He was lucky to escape with only stitches and concussion, but now when I think of organisers and managers promoting repeated blows to the head (& body) I can't make sense of why this sport is even allowed in any society ??

Oops, touched a bit of a raw nerve there Nick ! xx

MXman in reply to cat3

Me too cat can't stand the fact that these yobs think its ok to beat up a man their own age say 3 agains one let alone a pensioner. Whats wrong with these people...

RogerCMerriman in reply to MXman

They don't think at all, few years back a group of lads jumped my friends dad, he's half their size and middle aged then, but also a ex boxer, so it didn't go quite as planned!

Yep, I used to really love watching boxing. Now I can't because of the brain injury experience. Even watching soccer where they are using their heads to knock the ball gives me the "would you stop doing that" feeling. Or watching other sports events where they hit the other athletes in the head.

Hi Nick

I haven't watched boxing for a very long time.....ever since I saw a boxer drop like a stone. I knew he was seriously injured but the people I was with thought if was a simple knockout. It was the news the next day that he had died.

As for contact sports I have to admit I still enjoy watching rugby and I rationalise it by saying that the rules are in place to prevent serious injury and the amount of training reduces the risk.

Like others my biggest problem is with the non contact sports like football and anyone riding a bicycle, scooter, quad bike (basically any type of personal transport) without head protection .

I get so very angry when I see a child on a bike without a helmet and want to strangle the parents.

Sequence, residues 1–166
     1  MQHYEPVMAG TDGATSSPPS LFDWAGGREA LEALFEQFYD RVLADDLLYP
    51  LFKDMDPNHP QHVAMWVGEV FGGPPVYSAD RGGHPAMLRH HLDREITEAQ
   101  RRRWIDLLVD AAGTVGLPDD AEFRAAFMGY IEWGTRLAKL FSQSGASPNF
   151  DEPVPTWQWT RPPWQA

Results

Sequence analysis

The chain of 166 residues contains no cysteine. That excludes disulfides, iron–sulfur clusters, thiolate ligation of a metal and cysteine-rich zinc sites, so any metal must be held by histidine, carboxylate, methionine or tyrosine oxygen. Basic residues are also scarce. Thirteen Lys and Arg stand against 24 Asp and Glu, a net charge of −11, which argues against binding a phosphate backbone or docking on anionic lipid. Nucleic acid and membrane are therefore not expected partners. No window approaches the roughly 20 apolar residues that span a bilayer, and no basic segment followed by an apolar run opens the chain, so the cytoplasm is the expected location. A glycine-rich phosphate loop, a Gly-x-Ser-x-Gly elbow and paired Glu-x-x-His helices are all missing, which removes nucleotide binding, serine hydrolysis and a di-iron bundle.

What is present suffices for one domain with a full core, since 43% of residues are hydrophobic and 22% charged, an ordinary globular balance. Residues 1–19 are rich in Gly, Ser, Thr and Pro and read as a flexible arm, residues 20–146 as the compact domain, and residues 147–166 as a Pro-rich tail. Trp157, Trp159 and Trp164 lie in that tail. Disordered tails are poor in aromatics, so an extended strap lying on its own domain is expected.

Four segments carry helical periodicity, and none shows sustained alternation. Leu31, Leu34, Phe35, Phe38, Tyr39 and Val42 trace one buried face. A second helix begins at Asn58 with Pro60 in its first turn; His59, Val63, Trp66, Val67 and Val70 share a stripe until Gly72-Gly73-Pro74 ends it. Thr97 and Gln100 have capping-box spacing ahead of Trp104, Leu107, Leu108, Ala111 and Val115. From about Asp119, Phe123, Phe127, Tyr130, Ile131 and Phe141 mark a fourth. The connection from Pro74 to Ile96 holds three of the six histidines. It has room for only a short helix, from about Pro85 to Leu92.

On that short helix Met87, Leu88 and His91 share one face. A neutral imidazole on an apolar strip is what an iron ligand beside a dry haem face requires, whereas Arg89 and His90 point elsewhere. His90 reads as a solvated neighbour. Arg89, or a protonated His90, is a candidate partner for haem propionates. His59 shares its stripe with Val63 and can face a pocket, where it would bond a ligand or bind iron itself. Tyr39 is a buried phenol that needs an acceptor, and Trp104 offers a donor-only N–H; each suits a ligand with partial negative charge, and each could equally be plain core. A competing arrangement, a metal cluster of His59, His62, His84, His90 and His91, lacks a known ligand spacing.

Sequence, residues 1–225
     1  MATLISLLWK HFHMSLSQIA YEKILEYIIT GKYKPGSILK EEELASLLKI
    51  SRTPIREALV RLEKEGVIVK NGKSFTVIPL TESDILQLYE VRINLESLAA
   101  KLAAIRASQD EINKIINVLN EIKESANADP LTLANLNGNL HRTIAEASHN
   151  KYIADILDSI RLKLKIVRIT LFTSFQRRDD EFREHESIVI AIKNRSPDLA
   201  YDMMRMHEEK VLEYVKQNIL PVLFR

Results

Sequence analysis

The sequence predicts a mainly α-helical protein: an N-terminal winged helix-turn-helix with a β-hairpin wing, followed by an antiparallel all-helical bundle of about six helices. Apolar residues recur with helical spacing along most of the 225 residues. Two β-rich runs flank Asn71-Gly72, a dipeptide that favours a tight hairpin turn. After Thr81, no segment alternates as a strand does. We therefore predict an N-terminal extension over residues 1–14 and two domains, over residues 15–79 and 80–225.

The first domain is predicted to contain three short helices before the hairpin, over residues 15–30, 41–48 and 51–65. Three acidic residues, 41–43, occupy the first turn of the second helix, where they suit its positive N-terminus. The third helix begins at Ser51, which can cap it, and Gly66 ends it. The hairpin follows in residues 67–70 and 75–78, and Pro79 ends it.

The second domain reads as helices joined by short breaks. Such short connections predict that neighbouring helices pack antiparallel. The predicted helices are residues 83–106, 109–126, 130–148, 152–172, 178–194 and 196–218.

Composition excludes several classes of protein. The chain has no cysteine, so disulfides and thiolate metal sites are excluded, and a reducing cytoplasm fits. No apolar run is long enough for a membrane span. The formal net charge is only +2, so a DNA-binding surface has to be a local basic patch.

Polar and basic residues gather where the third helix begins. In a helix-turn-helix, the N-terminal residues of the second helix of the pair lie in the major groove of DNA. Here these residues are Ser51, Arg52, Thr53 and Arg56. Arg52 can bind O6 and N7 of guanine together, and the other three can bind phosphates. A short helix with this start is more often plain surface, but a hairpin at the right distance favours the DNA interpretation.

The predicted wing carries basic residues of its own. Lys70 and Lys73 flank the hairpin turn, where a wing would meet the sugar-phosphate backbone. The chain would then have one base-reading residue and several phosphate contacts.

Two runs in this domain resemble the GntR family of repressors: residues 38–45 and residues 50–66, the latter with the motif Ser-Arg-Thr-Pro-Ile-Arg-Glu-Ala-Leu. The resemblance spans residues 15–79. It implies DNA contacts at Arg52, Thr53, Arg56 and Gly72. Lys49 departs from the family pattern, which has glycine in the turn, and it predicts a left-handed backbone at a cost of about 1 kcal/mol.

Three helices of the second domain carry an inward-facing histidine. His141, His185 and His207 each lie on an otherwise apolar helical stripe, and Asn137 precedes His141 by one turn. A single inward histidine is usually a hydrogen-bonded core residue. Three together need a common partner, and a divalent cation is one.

I am still and have always been risk averse and have difficulty trying to understand why anyone would want to put themselves in the position of taking those risks.

It's a spectrum or sliding scale isn't it? At one end you have the adrenaline junkies who have to have extreme sports to feel alive and at the other end those who are virtually phobic about risk.

Yes I do notice it more than i did and have to retreat and deal with the emotional reaction.

Love n hugs


Its so interesting isn't it. I didn't have a single thought about it before bi and would watch boxing and contact sports and be really into it. But now I just can't watch it and knowing the damage that could be going on and I can picture the brain cells and nerve endings dying and then new pathways having to be made, so strange that this is what I see not the actual boxing.

no i still love contact sports, rugby, american football ufc

Boxing has always seemed like an insane thing to start doing to me. I'm still game for other contact sports though.

Hi Nick,

I think we touched upon this before - it was the Marseille football violence footage that sparked it off for me. Never had any love for boxing - anything that deliberately targets the head/brain is a big no no for me and yes, the greater knowledge I now have does make me feel far worse about such things. I'm surprised that boxing is still getting away with being legal in these supposed 'enlightened' days ? All other sports/hobbies - precautions/protection a must ! Angela x

MXman in reply to angelite

Yes agree I just can't handle watching it now though. Makes me cringe. Happy to ride Moto Cross though but always with the right protective gear on.